Governance Game Changers is a blog and event series that celebrates governance professionals who’ve broken the mould and changed perceptions.
One such game changer is Monica Pahwa, group company secretary of Scorpio Group and an advisory board member for Dress for Success, a charity that empowers women to achieve economic independence. Previously, Monica was group company secretary of Clarion Events and assistant company secretary at EMI Music, where she was involved in M&A deals and multiple cross-border restructurings. She also served on the boards of not-for-profits and government-funded bodies whilst in private practice. Here, Monica shares advice for company secretaries who want to evolve with changing times and push forward.
1. Know what you’re here for — and that it might change
At first glance, the duties of the company secretary are quite codified — literally speaking, since the governance code stipulates what falls within your remit. But ask 20 different company secretaries what functions they perform for their board, and you’ll get 20 different answers. And that highlights one key requirement for the role: knowing what value you’re here to bring.
As company secretary, I’ve attended board meetings where I was the minute taker and wasn’t asked to contribute in any other ways. At others, it’s been very much expected that I would be vocal and chip in if I thought anything being said was incorrect. In both cases, what mattered was preparing beforehand to ensure I understood the sort of board that I was being invited to and what role I was going to play in it.
“The governance code stipulates what falls within your remit. But ask 20 different company secretaries what functions they perform for their board, and you’ll get 20 different answers.”
Sometimes, what’s required of you will be quite clear, even before you join the company. For example, I’ve worked with companies where I knew from the start that my past experiences of M&A would be valued by the board — because it was obvious that the company would go through a trigger event such as a sale or such after a few years, and that we’d have to prepare for that from the get-go.
Other times, things won’t be as clear-cut, especially if the board is going through a controversial event such as a change in investment or funding. At times like this, a series of amicable board meetings can turn into a show of hands with you being put on the spot and asked to count the votes. So, do your homework, anticipate as best as you can, but be prepared to adapt and don’t try to stick to the script if the situation suddenly changes along the way.
After a while, doing that “temperature check” and adjusting yourself to its results will become second nature. But my advice is to be very deliberate about it when you get started — because it’s easy to misread expectations if you’re not paying close attention.
2. Push forward
Technology has transformed the role of the company secretary. Not so long ago, the admin could eat up the better part of your week — these days, it’s been radically streamlined, with tasks such as compiling and distributing the board packs now requiring just a few clicks, whereas once they would have taken hours.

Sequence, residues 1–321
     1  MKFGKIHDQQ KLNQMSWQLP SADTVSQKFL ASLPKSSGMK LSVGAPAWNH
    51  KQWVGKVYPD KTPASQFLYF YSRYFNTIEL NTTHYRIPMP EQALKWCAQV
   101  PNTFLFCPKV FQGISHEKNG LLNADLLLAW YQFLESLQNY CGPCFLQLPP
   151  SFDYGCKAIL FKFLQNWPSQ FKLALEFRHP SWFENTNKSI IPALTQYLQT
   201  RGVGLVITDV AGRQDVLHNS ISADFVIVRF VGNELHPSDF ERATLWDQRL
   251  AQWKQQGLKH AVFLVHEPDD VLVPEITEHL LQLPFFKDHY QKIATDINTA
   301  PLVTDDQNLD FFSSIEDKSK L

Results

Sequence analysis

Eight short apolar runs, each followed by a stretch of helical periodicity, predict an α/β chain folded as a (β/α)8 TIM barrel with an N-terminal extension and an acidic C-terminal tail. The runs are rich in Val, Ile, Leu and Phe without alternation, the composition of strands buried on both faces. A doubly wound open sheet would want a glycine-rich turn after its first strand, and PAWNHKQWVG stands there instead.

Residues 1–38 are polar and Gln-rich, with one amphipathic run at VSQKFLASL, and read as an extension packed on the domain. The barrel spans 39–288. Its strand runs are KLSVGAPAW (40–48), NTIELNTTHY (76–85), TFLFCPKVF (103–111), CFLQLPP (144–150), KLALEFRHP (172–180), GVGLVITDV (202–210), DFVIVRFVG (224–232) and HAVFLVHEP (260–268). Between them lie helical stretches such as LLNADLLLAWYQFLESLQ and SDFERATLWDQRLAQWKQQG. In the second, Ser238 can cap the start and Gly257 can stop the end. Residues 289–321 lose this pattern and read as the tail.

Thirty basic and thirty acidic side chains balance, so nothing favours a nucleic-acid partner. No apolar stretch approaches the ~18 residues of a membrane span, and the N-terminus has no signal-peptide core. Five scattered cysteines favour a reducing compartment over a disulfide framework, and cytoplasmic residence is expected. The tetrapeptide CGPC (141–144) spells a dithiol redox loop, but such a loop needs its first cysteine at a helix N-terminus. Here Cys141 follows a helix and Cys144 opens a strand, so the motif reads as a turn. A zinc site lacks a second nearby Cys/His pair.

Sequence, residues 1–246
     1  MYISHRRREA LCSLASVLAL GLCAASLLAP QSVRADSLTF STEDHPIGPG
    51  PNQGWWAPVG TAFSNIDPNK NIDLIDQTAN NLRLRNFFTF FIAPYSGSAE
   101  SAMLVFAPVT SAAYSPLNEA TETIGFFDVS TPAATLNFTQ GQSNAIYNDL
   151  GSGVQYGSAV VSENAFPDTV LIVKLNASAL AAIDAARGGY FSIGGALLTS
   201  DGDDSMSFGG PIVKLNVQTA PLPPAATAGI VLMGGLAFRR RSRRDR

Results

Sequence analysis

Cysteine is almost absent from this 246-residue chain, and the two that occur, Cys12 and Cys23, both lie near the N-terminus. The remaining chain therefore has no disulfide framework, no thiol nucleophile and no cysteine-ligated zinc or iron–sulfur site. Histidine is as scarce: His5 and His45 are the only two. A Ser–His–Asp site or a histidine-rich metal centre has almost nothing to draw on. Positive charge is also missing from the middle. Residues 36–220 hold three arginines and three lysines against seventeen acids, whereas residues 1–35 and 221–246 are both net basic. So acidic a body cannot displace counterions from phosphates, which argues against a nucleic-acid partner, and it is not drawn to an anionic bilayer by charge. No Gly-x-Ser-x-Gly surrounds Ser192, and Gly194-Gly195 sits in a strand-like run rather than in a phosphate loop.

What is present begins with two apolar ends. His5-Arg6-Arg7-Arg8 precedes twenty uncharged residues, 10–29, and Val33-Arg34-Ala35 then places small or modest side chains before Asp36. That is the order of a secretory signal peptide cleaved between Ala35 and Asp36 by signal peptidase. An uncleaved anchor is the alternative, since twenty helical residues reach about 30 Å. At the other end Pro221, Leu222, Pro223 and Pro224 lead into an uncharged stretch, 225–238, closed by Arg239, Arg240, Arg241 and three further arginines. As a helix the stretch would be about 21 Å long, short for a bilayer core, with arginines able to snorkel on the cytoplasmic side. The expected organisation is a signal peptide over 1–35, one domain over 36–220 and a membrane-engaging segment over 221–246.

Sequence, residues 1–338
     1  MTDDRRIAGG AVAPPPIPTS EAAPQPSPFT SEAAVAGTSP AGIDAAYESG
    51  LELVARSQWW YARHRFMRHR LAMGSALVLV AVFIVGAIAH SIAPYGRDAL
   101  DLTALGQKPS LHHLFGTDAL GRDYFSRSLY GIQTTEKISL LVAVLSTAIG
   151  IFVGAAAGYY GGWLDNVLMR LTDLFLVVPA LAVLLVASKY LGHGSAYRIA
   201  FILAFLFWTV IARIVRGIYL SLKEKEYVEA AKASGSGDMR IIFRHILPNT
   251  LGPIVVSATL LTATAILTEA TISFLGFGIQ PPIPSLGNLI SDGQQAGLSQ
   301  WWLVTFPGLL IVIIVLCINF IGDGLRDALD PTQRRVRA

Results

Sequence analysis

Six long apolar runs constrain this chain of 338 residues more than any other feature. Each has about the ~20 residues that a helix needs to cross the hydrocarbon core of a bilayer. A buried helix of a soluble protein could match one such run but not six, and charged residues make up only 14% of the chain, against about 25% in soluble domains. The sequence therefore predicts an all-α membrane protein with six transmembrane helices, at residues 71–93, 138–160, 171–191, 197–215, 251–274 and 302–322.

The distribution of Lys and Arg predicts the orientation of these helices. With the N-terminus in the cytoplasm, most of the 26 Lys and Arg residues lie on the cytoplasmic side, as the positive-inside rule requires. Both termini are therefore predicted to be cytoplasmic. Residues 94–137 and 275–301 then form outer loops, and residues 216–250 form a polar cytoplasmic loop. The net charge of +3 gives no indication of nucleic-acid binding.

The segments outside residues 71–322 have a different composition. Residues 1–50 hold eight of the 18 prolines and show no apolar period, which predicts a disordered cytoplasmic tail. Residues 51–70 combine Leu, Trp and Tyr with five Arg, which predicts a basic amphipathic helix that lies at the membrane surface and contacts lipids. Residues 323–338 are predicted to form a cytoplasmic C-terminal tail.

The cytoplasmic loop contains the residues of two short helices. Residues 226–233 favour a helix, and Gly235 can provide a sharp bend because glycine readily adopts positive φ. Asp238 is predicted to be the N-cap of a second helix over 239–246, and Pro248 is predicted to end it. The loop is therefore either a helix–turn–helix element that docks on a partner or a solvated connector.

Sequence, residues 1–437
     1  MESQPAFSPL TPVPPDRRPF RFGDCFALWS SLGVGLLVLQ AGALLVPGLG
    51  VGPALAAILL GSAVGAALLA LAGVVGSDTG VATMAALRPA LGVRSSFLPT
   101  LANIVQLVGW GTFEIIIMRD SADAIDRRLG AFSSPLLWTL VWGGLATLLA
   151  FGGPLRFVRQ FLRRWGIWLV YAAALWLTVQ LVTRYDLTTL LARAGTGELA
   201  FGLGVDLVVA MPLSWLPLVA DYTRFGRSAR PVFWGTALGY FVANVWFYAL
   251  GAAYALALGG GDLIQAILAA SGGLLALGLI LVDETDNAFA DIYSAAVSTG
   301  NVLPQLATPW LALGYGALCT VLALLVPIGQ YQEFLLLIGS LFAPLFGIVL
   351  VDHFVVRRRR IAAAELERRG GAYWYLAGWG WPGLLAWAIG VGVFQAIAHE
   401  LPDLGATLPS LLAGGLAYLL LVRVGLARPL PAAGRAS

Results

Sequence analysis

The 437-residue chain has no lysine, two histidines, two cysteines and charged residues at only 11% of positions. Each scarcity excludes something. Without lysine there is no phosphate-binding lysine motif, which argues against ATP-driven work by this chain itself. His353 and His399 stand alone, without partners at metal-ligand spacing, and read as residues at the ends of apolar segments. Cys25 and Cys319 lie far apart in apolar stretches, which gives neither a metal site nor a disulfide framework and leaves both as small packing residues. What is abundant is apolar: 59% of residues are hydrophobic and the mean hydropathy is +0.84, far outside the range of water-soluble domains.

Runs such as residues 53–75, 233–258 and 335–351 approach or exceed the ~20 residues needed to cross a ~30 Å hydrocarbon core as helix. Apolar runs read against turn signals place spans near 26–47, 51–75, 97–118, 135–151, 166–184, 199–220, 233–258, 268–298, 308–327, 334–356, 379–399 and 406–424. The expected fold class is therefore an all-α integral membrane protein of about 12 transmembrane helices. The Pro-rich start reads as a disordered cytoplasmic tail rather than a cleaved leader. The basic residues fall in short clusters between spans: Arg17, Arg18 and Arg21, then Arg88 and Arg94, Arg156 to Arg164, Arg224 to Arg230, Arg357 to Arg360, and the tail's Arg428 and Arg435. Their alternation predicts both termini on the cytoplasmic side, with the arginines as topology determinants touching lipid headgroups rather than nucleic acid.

This is great news. But it also means that many of the traditional aspects of a company secretary’s role are being made obsolete by the march of digitalisation — especially as directors who are more comfortable with technology can access the exact same tools. And those who do not continually push forward — beyond being the minute taker, the record keeper, and the administrator — and who do not reinvent their function will become extinct.
“Those who do not continually push forward — beyond being the minute taker, the record keeper, and the administrator — and who do not reinvent their function will become extinct.”
This can be as simple as grabbing opportunities when you see them — and we do see plenty from our central position in the company. For example, that’s how I ended up being in charge of sustainability efforts at a past employ: being the company secretary, and that general knowledge person, people were coming to me with questions on the subject, I decided to put some feelers out and reach out to a few colleagues and we ended up forming a committee, and things just fell into place!
GDPR was another such example, and there will be plenty more similar occasions for company secretaries to expand the boundaries of their role. But you must be aware that it’s possible, keep your ear to the ground about what's going on in the business, be commercially savvy and recognise the areas where you could add real value, and be unafraid to put yourself forward for them.
3. When joining a board, don’t try to be someone you’re not
Through your networking, opportunities to join boards will likely come up at some point. You may even be surprised where some conversations get you: I was offered a role on an advisory board following what I thought was simply a chat with someone I followed on LinkedIn.
When that happens, first, be realistic around time commitments. Trusteeships take a lot of time, so if you’re already in a role that’s keeping you in the office until late every day, you’re not going to be able to do a proper job of it.
“Be transparent about what you’ll be bringing to the table — especially if it’s for a charity, where trustees are often chosen for their skill sets.”
And just as importantly, be unapologetic about who you are. Be transparent about what you’ll be bringing to the table — especially if it’s for a charity, where trustees are often chosen for their skill sets. In my case, I made it very clear that I was a company secretary first and foremost, and that that was the competency I’d be contributing. Your expertise as a governance professional has tremendous value — lean into it, and don’t pretend to be someone else.
This interview was conducted by Megan Pantelides, Nathalie Hulbert, and Maximilien van Gaver.